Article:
Gary Weiner first considered solar for his Bozeman home about a decade ago. He liked the idea of getting his energy from a renewable source, not to mention the idea of increasing his property value with solar. But at the time, he decided it didn’t pencil out. “It was more expensive back then,” he recalls. His decision was partly based on the partial shading of his roof, which he believed would make rooftop solar impossible and require a costlier freestanding solar array.
News about falling solar prices prompted him to take another look earlier this year.
This time, Gary got in touch with Bozeman-based Harvest Solar. According to Kyle MacVean of Harvest Solar, “The site presented a few challenges, as there were two sources of shading. There was hard shade created late in the day by a dormer high on the roof as well as soft shade from the aspen trees in the winter months.” Nevertheless, a rooftop solar array turned out to be feasible.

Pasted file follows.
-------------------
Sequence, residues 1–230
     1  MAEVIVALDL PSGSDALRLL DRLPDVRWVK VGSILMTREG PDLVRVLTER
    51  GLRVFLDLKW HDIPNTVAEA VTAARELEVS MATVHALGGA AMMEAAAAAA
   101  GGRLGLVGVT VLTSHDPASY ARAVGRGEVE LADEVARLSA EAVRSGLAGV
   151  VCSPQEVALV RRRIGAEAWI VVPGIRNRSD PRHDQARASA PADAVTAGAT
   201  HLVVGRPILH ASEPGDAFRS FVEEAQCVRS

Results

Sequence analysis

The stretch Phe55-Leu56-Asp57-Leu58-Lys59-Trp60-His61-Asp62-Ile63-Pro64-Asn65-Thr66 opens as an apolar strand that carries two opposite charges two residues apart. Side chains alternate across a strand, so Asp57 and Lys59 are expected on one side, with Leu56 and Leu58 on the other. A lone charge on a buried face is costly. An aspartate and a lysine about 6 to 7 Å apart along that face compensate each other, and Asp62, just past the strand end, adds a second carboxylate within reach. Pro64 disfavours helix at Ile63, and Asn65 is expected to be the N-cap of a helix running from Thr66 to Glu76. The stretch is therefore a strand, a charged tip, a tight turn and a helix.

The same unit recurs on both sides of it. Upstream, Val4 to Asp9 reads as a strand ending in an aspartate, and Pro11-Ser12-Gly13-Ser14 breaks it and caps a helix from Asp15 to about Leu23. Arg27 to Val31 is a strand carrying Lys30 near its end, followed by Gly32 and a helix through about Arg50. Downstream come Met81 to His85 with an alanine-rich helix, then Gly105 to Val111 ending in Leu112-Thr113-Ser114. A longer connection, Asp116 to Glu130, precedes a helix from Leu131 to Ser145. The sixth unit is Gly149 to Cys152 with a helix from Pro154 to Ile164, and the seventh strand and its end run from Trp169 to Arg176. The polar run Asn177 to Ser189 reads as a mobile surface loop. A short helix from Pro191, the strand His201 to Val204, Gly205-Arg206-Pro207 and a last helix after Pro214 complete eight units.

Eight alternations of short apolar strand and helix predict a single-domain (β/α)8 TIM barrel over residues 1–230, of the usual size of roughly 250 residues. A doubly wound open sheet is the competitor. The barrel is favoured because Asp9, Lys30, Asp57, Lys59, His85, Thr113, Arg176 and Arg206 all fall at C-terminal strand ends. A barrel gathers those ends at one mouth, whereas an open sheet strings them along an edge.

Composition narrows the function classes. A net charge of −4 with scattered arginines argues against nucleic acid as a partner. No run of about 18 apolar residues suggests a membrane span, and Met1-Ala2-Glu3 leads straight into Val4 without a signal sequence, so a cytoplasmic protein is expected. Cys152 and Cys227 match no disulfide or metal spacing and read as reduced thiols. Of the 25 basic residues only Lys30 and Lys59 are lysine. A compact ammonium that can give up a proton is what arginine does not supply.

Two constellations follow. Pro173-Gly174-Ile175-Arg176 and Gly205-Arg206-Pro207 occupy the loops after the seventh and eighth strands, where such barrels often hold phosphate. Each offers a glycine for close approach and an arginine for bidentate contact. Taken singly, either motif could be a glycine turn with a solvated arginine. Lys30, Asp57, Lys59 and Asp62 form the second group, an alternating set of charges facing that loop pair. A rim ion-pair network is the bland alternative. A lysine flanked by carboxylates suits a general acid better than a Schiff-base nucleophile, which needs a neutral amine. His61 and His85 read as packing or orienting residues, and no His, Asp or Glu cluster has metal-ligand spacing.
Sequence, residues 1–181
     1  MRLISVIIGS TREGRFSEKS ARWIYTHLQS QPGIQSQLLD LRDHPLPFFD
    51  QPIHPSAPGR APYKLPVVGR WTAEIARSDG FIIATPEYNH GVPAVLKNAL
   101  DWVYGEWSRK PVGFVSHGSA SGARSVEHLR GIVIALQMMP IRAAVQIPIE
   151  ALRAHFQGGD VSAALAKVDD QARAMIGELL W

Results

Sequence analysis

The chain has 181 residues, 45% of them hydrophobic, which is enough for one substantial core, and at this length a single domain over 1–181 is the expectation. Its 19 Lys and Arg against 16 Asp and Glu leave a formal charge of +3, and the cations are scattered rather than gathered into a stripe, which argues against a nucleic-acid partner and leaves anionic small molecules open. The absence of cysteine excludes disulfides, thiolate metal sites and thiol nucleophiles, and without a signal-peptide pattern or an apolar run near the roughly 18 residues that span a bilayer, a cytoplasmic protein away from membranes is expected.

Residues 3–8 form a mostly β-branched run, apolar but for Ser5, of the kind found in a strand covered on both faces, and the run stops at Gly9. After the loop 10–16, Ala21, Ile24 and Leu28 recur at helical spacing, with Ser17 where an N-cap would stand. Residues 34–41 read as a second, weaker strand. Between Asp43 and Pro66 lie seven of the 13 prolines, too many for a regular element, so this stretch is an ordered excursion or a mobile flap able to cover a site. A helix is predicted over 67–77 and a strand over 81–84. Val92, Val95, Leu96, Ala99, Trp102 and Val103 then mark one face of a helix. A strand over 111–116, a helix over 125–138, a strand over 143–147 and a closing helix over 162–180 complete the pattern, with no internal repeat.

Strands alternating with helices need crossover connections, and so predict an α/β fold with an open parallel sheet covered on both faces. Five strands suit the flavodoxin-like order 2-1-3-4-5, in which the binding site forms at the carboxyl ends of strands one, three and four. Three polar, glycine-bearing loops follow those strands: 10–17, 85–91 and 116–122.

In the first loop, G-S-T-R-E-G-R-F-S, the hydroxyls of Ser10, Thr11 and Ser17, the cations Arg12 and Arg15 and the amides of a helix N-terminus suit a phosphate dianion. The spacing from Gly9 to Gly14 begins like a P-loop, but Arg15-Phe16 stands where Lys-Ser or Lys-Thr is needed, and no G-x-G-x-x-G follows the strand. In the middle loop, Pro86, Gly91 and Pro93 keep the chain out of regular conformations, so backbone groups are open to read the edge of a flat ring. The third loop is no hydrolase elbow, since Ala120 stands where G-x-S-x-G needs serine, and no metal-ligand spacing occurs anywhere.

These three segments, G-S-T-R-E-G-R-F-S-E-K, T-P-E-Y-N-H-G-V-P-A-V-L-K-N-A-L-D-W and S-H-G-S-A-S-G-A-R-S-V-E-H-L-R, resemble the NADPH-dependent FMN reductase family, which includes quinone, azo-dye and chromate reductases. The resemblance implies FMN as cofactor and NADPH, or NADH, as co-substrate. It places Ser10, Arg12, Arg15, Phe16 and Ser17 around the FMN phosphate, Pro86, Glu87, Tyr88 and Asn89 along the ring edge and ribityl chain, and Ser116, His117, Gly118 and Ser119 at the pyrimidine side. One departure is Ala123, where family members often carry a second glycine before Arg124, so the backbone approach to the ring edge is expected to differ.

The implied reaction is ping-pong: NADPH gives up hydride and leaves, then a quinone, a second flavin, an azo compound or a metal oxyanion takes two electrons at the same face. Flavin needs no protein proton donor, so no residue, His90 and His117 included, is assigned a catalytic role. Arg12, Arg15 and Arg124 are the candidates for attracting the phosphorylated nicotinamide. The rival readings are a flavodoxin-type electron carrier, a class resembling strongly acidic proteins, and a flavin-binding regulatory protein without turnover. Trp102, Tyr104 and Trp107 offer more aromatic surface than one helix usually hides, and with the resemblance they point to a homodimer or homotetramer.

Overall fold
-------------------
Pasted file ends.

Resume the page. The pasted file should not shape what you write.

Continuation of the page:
“Gary is very thorough with his research, and we worked with him to explore the options and choose the best system for the site,” recalls Kyle. Gary ultimately chose power optimizers. This increasingly popular technology optimizes production at each individual solar panel, making it well-suited for maximizing production on partially shaded rooftops.
The power optimizers also allow Gary to track his solar production panel-by-panel from his personal computer. That has led to some surprises.
“I wasn’t sure exactly what to expect,” says Gary, “and it’s interesting to watch the fluctuations on sunny days versus cloudy and rainy days. Perfectly clear and sunny days aren’t necessarily the best for solar production, since there’s more reflective light on days with some haze and clouds.”